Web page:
Sticks ‘n’ Sushi – Covent Garden, London

After a Psycle class (which if you haven’t tried, you must! It is brilliant! http://psyclelondon.com/), Eleena and I headed out for some dinner and a catch up at Sticks ‘n’ Sushi in Covent Garden.20150902_210339For our sticks we ordered the Bacon Wrapped Asparagus (£3.20 each), Mixed Yasai Vegetables in Teriyaki (£2.50 each), Chicken Wings (£5 for 2 pieces).

I definitely recommend the chicken wings. They were beautifully grilled with a slight sweet teriyaki sauce and so tender that they just fell off the bone.20150902_212051For our sushi we ordered the Mini Maki De Luxe £23 which was made up of 4 Hell’s Kitchen, 4 Ebi Panko, 4 Shake Aïoli, 4 Salmon Ceviche, soya sauce, wasabi and pickled ginger. There were a whole mixture of flavours on this platter of rolls.

The Hell’s Kitchen Roll is made up of Tempura shrimp, avocado, spicy sauce, topped with tuna & barbecue sauce. As you bite into it, you first taste the softness of the tuna partnered with the creamy spicy mayo, you then came across the crunchiness of the tempura ebi which is a lovely battered shrimp.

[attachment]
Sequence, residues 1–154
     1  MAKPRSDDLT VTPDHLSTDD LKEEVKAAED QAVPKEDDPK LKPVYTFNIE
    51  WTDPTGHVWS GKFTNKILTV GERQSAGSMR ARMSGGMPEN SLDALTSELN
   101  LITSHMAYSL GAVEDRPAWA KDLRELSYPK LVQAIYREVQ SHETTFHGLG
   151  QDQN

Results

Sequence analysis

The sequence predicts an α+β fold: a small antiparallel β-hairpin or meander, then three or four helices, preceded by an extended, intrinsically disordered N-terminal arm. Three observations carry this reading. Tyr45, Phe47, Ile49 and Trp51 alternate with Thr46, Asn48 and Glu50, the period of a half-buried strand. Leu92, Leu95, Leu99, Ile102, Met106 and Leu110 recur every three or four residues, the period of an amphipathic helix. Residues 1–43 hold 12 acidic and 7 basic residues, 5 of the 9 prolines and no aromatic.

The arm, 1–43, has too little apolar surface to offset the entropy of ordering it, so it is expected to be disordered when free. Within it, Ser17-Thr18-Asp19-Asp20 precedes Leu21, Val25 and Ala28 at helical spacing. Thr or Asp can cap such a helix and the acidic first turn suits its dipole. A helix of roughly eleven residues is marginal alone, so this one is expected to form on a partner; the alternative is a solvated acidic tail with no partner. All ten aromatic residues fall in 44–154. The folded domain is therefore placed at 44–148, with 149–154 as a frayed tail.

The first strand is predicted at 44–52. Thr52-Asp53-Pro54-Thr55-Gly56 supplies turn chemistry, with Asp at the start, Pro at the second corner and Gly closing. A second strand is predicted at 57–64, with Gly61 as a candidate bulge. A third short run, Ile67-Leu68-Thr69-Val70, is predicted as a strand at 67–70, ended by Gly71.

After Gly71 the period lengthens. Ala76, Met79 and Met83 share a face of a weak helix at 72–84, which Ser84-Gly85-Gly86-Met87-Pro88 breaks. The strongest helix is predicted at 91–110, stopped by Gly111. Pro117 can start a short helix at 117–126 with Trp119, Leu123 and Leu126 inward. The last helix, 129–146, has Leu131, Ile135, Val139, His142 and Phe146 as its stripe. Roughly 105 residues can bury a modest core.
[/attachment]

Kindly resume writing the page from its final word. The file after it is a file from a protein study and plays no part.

The Ebi Panko Roll is made up of Tempura shrimp, spicy sauce, topped with avocado, sesame & tsume soy. It again has the same textures as the Hell’s Kitchen but instead of tuna, you come across thinly sliced avocado which again is soft and melts in your mouth before you bite into the crunchy shrimp.

The Shake Aioli Roll is made up of Snow peas, avocado, cucumber, miso-aïoli, topped with seared salmon, sesame, tsume soy, chives & trout roe. The vegetarian middle of the sushi mixed with the ever-so-slightly seared salmon along with the rice created a lovely balanced mix and the salted flavours of the trout roe completed it.

The Salmon Ceviche Roll is made up of Red onion, cucumber, avocado, topped with salmon, coriander & lime marinade. It had the beautiful refreshing taste of a Peruvian Ceviche dish. The red onion was not obvious or overbearing, in fact, it wasn’t even noticeable and blended nicely with the rest of the ingredients. All the sushi we had was really good and I would definitely recommend this platter, but I think this roll was my favourite. 20150902_212059

 

20150902_215330We ordered the Dark Sweets dessert set which was made up of Black sesame ice cream with nougatine, Marcel chocolate cake with crystallised white chocolate, bergamot orange crème brûlée, dark fondant with chocolate caramel & peppermint heart topped with hazelnut brittle £10.